Well, thankfully I have a blog, right, so I can ramble about the thoughts that run through my head?
Every so often I see something on Facebook or some other place on the internet about how there is no such thing as “the one”, and about how we should stop believing that there is someone else who is our other half.
The backlash is understandable. We want to believe that we are whole, independent, complete, awesome, and entirely responsible for our own happiness. I suspect many of us realize we are somewhat deceiving ourselves on a deeper level, and that is why we need so much verbiage to say otherwise. We also want to believe that the world operates entirely in a realm of statistics and probability. That among the 6 billion human beings that live on the earth, the idea that there is someone out there who fits you is absurd. And then there are all those studies of people who take harder hits in their relationships “because” they also believe in “soulmates”. But maybe that doesn’t actually reflect on the concept of soulmates being wrong. Maybe it reflects more on those people themselves. Maybe they are the dreamers, the flamboyant ones, the emotional ones. Maybe they are the idealists, the easily disappointed, the ones afraid of conflict. Maybe what is the culprit is not the belief itself, but the type of humanity that is prone to believing such a thing. Isn’t that just as likely? Or maybe the term itself is wrong, maybe it’s wrong to the point of being silly. Maybe we ought to throw the word out, since it’s been misused. Maybe we ought to not use it at all, since it has so many different meanings to different people.
As a child, I think I hoped for someone I might be able to consider a soulmate, which to me meant a kind of kindred soul, someone who matched me. In high school, I had a few friends who I held dear to my heart as kindred souls, friends who I felt at ease with, who I could ping-pong back and forth as if they were the peanut butter to my jelly. But early into my twenties, I looked down upon the idea of someone who could match me. Neither could I fathom the idea of being incomplete. Among all the people that I knew, I had crushes, this and that, people I got along with, people I liked, people I loved, but the idea of a soulmate seemed like something out of a fairytale. I built it up in my head, and then when I saw the environment, the world, the humans, I reckoned that perhaps no one could ever really understand me at all, because that’s what matching meant to me.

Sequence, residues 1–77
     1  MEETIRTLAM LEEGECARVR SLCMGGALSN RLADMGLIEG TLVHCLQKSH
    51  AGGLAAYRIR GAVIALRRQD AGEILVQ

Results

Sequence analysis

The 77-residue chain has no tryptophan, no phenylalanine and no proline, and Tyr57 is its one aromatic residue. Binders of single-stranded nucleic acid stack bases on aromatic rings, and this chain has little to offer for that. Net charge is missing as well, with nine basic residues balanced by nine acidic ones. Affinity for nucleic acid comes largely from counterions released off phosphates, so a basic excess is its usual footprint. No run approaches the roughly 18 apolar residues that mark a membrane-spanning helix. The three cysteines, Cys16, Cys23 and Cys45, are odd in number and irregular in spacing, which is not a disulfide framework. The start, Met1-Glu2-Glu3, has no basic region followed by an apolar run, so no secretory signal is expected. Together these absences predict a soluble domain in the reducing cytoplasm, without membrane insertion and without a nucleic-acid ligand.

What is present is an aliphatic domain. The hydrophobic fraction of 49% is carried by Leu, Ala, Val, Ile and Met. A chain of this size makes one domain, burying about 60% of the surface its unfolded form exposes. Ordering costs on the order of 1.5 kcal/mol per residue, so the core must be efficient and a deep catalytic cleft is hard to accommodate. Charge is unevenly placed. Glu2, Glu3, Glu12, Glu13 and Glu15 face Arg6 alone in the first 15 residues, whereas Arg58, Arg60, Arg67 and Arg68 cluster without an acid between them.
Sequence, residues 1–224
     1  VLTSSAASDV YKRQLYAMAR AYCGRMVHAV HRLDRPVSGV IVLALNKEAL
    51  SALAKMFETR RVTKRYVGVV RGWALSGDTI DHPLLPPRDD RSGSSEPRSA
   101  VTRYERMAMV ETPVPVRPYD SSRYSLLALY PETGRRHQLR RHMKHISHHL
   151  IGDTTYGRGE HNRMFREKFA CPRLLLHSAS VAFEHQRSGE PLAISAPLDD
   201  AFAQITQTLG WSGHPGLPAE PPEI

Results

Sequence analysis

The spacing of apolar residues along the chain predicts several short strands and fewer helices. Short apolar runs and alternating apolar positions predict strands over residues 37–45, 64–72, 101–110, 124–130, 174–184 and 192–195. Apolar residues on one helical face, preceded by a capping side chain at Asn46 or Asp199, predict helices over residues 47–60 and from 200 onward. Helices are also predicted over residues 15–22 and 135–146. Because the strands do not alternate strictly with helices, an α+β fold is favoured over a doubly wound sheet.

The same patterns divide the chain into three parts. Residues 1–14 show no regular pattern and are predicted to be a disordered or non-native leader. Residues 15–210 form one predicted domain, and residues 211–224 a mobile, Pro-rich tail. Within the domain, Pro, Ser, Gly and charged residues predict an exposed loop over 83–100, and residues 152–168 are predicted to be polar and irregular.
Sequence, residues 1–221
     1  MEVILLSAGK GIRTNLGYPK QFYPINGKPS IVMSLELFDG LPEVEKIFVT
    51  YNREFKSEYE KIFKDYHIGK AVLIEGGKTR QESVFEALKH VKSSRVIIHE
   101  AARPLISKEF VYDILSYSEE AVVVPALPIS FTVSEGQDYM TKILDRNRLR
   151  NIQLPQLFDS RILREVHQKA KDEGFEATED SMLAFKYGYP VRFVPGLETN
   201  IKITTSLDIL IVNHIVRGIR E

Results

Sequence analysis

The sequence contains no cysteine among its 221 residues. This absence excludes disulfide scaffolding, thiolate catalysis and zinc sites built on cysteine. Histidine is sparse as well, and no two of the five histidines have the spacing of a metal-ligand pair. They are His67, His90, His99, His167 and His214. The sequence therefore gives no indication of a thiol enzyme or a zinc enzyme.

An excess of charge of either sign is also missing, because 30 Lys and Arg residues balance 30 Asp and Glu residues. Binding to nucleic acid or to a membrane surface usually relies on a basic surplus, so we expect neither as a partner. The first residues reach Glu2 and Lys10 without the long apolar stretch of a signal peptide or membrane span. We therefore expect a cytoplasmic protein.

On the one hand, I was right, I think. No one would understand. No one would be that perfect match. But it wasn’t because I was complete. And it wasn’t because there wasn’t “the one”. It wasn’t because I had this flawed concept about love or that I needed to read more about arranged marriages or watch less Korean dramas. I have to say, I did address those things, and I can’t entirely say it had no bearing on my mind now. But really, no one could ever understand me, I think, because even I could not understand myself. Yet there was a longing that someone might understand me, someone might heal the soul that I felt was conceivably broken. That longing would be fulfilled by God. I could fling my soul on Him, the very One I was fearful of, the very One I couldn’t understand, and He would carry me. He knew me and loved me, more than I would ever know.
And on the human match side, the first time I met my now husband, I didn’t know he was the one. Even seven years after we first met, I still didn’t quite know. Yet when we did start courting each other in His time, day after day, I couldn’t believe what I was finding. What I didn’t believe in, really existed. I can’t say this is going to be every person’s experience, because I know we are all individuals with our individual experiences. But I guess part of me is bothered that people are discrediting the idea of “the one”, claiming that it does not exist. Because I know that for us, it was finding the other pea who belonged in the pod. We could finally be at rest here. We fit together. If I was the right shoe, he was the left shoe. Not in a desperate, dramatic kind of way, but as a simple yet sweet and happy fact. I love my other half.